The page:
June 9, 2014
animal rights, animals, carrll university, cat peolpe really are different, college students, denise guastello, dog people, igor purlantov, non-conformist, outgoing, sensitive
“Dog people” and “cat people” may both fall into the animal lover category, but they’re not exactly cut from the same cloth, a new study finds. Carroll University researcher Denise Guastello and her team surveyed 600 college students and found cat lovers to be more open-minded, sensitive, and non-conformist than the dog-fancying majority, which, besides being more outgoing, was more inclined to follow rules.
June 6, 2014
adulphe delegorgue, animal rights, animals, brain, do animals get drunk on purpose, elephants, fermented, fruit, igor purlantov, marula tree, south africa, sun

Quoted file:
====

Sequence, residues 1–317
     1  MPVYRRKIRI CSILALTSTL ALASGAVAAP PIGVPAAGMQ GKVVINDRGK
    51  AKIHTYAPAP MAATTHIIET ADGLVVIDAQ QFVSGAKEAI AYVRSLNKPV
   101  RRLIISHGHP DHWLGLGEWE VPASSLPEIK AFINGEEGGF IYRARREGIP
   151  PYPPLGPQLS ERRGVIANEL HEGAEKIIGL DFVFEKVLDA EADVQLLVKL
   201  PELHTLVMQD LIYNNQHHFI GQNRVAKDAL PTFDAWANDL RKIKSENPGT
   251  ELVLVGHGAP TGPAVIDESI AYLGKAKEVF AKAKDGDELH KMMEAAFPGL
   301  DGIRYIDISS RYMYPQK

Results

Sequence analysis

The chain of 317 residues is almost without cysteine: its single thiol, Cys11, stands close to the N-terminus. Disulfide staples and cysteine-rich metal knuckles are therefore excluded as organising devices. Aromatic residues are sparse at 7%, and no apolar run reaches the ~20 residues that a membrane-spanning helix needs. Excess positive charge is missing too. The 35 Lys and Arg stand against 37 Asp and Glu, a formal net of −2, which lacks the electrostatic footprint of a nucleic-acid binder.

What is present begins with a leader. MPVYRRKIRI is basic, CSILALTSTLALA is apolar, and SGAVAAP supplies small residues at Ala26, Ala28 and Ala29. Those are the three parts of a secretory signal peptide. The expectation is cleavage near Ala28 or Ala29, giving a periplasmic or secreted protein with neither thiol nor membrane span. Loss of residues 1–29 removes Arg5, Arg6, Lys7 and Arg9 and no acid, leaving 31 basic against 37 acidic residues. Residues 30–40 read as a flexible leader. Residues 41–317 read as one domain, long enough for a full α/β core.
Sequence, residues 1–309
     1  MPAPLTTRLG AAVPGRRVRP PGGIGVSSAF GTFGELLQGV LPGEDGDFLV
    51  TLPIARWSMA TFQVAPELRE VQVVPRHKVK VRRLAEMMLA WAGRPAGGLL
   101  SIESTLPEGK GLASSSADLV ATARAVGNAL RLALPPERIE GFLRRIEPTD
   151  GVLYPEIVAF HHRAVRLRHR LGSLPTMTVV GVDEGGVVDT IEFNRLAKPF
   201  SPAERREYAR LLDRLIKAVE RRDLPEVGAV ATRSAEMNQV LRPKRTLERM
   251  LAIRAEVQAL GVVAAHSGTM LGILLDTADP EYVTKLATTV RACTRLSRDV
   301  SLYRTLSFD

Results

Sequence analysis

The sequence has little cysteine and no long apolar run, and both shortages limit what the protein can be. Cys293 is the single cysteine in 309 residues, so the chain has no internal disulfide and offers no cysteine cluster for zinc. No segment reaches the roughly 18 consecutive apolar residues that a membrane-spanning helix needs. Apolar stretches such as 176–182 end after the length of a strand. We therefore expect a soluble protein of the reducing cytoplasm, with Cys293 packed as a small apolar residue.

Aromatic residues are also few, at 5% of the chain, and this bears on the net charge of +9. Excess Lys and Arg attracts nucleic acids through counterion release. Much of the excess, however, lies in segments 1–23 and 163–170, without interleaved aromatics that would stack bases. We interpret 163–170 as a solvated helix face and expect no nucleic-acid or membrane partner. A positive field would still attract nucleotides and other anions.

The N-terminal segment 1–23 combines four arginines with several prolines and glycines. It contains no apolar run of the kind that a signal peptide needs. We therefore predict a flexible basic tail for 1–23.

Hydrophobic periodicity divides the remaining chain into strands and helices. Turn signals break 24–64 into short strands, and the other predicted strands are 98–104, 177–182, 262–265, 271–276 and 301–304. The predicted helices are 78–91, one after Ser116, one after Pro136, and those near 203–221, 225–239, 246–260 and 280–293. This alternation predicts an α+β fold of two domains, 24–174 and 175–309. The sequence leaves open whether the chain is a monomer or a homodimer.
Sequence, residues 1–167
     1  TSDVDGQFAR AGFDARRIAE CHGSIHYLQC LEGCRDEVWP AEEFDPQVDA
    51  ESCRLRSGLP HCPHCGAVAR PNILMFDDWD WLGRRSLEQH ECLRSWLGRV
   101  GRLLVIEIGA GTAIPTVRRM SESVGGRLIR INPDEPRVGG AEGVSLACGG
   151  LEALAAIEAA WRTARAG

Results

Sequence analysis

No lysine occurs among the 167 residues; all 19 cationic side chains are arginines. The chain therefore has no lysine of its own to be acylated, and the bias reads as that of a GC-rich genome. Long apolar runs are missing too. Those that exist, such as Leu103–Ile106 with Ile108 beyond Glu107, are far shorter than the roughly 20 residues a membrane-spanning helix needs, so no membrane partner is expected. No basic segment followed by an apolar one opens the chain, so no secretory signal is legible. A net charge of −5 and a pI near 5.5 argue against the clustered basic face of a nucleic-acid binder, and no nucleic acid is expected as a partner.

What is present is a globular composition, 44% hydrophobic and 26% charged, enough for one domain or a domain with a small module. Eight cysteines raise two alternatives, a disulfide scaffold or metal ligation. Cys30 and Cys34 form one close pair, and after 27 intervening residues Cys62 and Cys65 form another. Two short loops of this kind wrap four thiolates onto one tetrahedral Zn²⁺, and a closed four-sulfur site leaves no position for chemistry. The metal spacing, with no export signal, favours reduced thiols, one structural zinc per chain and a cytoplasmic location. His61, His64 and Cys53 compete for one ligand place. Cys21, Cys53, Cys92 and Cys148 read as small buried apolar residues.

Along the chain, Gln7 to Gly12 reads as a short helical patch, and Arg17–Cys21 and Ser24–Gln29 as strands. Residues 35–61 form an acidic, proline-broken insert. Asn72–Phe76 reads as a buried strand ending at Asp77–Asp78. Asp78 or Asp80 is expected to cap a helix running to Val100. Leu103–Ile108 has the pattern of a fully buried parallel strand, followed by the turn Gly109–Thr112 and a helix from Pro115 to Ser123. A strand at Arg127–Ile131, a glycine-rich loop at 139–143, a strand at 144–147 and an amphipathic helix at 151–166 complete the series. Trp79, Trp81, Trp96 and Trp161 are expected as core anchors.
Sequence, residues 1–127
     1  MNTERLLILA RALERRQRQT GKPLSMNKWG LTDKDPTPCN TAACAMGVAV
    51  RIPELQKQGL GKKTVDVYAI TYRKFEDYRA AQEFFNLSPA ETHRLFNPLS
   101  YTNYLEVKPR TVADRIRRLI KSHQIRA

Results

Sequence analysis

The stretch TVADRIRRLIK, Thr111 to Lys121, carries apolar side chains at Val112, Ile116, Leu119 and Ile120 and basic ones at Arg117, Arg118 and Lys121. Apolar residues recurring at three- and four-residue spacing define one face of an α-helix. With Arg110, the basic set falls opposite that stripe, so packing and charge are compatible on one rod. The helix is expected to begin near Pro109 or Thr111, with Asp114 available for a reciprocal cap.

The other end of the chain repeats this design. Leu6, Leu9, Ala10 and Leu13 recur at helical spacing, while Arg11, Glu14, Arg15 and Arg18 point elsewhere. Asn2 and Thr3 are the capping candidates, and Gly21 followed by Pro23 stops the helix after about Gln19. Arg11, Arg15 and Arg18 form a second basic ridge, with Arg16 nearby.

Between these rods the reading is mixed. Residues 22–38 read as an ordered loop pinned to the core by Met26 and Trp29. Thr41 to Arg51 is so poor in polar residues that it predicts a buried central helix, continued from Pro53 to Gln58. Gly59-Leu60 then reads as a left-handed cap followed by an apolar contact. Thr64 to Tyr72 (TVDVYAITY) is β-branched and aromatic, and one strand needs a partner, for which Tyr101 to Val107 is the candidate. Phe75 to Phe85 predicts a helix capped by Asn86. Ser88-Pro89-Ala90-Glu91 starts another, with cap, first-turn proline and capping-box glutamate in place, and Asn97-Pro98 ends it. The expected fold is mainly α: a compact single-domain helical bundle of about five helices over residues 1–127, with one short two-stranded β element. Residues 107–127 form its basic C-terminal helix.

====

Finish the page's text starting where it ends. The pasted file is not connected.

In South Africa, local legend has it that the elephants like to get drunk. They seek out the marula tree, overindulge on its sweet fruits, and enjoy the intoxicating effects of the slightly fermented juice. Tales of the tipsy pachyderms go back at least two centuries. In the 1830s, a French naturalist called Adulphe Delegorgue described stories from his Zulu guides of mysteriously aggressive behaviour in male elephants after they fed on the marula fruits. “The elephant has in common with man a predilection for a gentle warming of the brain induced by fruit which has been fermented by the action of the sun,” wrote Delegorgue.